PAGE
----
Program For Service Dogs
June 18, 2020
Puppies Behind Bars (PBB) founder and president, Gloria Gilbert Stoga, created a program that trains prison inmates to raise service dogs for wounded war veterans and first responders. Additionally, the organization trains dogs to become explosive-detection canines for law enforcement. Today, PBB operates throughout six correctional facilities in New York and New Jersey and has raised more than 1,200 dogs. PBB has earned its thirteenth consecutive 4-star rating from Charity Navigator, which indicates that the organization adheres to good governance and other best practices.
When Stoga first opened her organization over 20-years ago, she decided to breed her own Labrador retriever puppies. That decision came from wanting to provide canines that had the best genetic backgrounds and temperaments. All of the dogs enter the program at eight weeks old. Due to the high standards of the program, if a dog is released for either behavioral or physical reasons, the dog is put up for adoption. The explosive detection canine puppies are placed into a one-year program, while the service dog puppies participate in a two-year program.
“They live in the cells with the inmates,” Stoga explains. “The inmates are fully responsible for all of the training, the nurturing, the basic medical, the grooming, and once a week PBB staff goes into each prison for a full day of teaching classes and helps solve problems.” Before starting PBB in 1997, Stoga served as a member of New York City Mayor Rudy Giuliani’s Youth Empowerment Commission, whose mission was to secure private-sector summer employment for New York City’s underprivileged youth. She was responsible for developing and securing corporate commitments to provide training and jobs under the Commission’s initiative. Working for non-profits allowed Stoga to figure out how she wanted to operate her organization when it came time. The initial spark that inspired her to start PBB came after reading an article about Dr. Thomas Lane, a veterinarian running a prison guide-dog program in Gainesville, Florida. She subsequently had the privilege of visiting Dr. Lane and spoke with inmates and program staff in three prisons that hosted his program.
Six months later, she quit her job and approached Libby Pataki, who was then the First Lady of New York State. She immediately garnered Pataki’s support to provide education and rehabilitation for prison inmates and provide excellent quality working dogs for the public. Late 1997, she started her program with five Labrador retriever puppies at the Bedford Hills Correctional Facility, New York State’s only maximum-security prison for women.
In the beginning, Stoga and her team faced challenges with the unions and was not welcomed at her second prison opening, a men’s medium-security prison. “I wasn’t welcomed by security staff,” she shares. “To show them that I wasn’t just a well-meaning lady from New York City who was coming upstate to say, ‘you should give these inmates something positive to do,’ I went into that prison every single day, Monday through Friday for six weeks. I’d run to the women’s prison for half a day, three days a week, and I’d come back. For six weeks, I more or less lived in that prison…Very slowly, I start talking to some of the corrections officers. I’d always bring my two dogs in, and they’d see how well behaved they were, how friendly they were. I got across to people that I was serious, that the dogs were of high quality and that I wasn’t going anywhere.”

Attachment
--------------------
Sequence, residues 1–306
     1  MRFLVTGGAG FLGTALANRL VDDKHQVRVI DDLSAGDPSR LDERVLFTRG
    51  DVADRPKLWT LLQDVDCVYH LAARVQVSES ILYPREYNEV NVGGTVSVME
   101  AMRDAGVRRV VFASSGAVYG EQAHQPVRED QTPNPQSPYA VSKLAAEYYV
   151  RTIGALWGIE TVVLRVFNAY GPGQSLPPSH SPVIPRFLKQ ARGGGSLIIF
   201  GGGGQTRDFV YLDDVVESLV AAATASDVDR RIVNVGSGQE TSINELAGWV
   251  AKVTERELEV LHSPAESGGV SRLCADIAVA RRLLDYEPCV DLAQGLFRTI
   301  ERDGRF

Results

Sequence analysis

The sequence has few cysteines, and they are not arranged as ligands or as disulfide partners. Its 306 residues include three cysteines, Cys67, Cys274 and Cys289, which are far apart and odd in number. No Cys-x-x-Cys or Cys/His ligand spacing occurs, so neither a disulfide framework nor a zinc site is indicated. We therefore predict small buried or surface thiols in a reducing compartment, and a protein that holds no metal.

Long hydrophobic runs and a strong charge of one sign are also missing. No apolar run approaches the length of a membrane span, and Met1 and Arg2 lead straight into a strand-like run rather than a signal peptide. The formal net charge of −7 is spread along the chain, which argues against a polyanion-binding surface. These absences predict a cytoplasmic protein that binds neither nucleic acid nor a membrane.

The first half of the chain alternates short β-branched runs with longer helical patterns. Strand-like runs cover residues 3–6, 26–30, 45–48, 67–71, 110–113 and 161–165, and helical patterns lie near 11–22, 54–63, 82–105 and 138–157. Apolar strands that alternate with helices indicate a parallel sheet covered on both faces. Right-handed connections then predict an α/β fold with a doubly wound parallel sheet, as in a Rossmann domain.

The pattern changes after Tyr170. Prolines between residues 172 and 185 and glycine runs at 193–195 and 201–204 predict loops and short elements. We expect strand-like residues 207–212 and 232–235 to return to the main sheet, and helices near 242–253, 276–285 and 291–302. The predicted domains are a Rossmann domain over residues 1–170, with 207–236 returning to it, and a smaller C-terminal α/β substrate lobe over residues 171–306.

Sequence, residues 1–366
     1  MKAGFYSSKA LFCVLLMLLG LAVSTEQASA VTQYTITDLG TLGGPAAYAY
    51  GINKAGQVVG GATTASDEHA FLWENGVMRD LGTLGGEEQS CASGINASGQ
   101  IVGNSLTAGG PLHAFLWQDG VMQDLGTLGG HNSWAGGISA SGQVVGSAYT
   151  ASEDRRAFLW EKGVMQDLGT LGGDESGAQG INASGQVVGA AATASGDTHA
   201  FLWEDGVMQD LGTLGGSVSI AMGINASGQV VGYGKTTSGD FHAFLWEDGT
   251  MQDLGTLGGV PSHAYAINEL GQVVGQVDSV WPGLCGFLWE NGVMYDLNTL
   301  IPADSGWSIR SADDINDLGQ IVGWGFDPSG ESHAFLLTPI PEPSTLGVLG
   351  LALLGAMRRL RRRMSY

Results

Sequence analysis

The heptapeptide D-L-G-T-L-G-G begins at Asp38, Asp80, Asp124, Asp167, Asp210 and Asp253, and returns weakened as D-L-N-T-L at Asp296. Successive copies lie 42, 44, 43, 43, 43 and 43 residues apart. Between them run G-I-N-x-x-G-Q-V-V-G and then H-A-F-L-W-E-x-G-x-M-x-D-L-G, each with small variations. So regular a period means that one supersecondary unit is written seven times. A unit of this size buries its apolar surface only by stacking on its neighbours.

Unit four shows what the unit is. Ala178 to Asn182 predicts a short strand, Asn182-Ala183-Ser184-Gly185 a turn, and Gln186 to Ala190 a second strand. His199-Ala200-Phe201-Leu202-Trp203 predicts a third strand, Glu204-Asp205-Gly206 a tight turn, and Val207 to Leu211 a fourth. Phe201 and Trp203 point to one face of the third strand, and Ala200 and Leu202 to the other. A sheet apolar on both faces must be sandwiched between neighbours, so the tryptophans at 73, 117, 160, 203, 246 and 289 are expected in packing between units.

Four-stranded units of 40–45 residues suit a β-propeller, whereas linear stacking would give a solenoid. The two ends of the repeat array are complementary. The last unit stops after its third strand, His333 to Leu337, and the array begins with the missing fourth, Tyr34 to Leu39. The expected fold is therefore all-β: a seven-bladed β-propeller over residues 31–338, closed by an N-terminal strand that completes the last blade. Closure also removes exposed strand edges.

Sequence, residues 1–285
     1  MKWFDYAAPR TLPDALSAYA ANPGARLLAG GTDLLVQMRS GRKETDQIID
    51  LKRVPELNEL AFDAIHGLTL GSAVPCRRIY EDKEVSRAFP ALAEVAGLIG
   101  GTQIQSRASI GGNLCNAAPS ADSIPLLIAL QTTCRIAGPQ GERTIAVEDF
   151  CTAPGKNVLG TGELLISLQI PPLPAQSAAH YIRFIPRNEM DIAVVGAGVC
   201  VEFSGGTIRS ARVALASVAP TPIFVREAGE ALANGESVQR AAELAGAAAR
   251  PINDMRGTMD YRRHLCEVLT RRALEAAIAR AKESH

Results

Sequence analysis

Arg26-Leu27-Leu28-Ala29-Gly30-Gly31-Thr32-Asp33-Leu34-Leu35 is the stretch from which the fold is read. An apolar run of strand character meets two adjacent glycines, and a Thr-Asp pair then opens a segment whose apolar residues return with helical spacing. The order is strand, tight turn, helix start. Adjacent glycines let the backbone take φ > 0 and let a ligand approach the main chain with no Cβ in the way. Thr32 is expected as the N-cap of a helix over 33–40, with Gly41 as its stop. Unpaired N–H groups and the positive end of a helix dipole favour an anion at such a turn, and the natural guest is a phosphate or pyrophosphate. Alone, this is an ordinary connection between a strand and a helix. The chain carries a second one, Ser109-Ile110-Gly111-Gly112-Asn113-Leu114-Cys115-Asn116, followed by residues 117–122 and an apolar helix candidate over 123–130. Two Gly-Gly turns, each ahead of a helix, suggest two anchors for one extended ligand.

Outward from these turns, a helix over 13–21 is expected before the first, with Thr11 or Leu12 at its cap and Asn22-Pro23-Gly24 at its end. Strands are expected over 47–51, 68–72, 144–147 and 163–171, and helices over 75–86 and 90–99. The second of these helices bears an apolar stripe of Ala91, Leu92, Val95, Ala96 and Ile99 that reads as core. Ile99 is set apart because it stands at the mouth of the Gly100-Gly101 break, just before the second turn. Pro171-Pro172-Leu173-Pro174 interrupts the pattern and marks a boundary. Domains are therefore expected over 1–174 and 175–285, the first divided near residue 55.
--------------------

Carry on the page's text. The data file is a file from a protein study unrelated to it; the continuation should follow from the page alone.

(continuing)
PBB has become a goal for prison inmates. Although the program is volunteer-based on top of the inmates’ mandatory prison job, it does not accept everyone. Stoga does not interview sex offenders, anybody with direct child abuse or animal abuse or anyone with a high mental health issue. Additionally, the inmates have to be ticket free for 12-months meaning that they haven’t received any form of disciplinary action in a year. Having something to strive for keeps the inmates focused on the goal.
“You see people [inmates] change literally before your eyes,” Stoga smiles. “The other end of the spectrum is our [canine] recipients. We work with veterans. We also work with first responders, and to hear from our recipients and their families that they cut way back on their meds, or maybe they’re now med free, that they now go out in public or that they now engage with their families is incredible.”
As Stoga continues to grow the organization, she focuses on the following essential steps:
Clearly define your purpose and what you want to do. If you start to veer away from that, you will stretch yourself thin mentally, emotionally and financially, which will not lead to long-term success.
Don’t be afraid to ask for help. Being honest when you don’t know something will garner better results than faking your way through; it may hurt you in the long run.
Be prepared to work hard, especially when pivoting. You will work harder than you ever have before. You have to give it your all if you want to achieve your goal.
“When I first started working in prisons,” Stoga concludes, “I was totally completely black and white. There were good guys in the world and there were bad guys. That was that. Very soon on, the inmates taught me there’s gray; that people can do bad things, but they’re not necessarily bad people forever. There are some bad people forever; I’m not naïve. However, some people are gray.”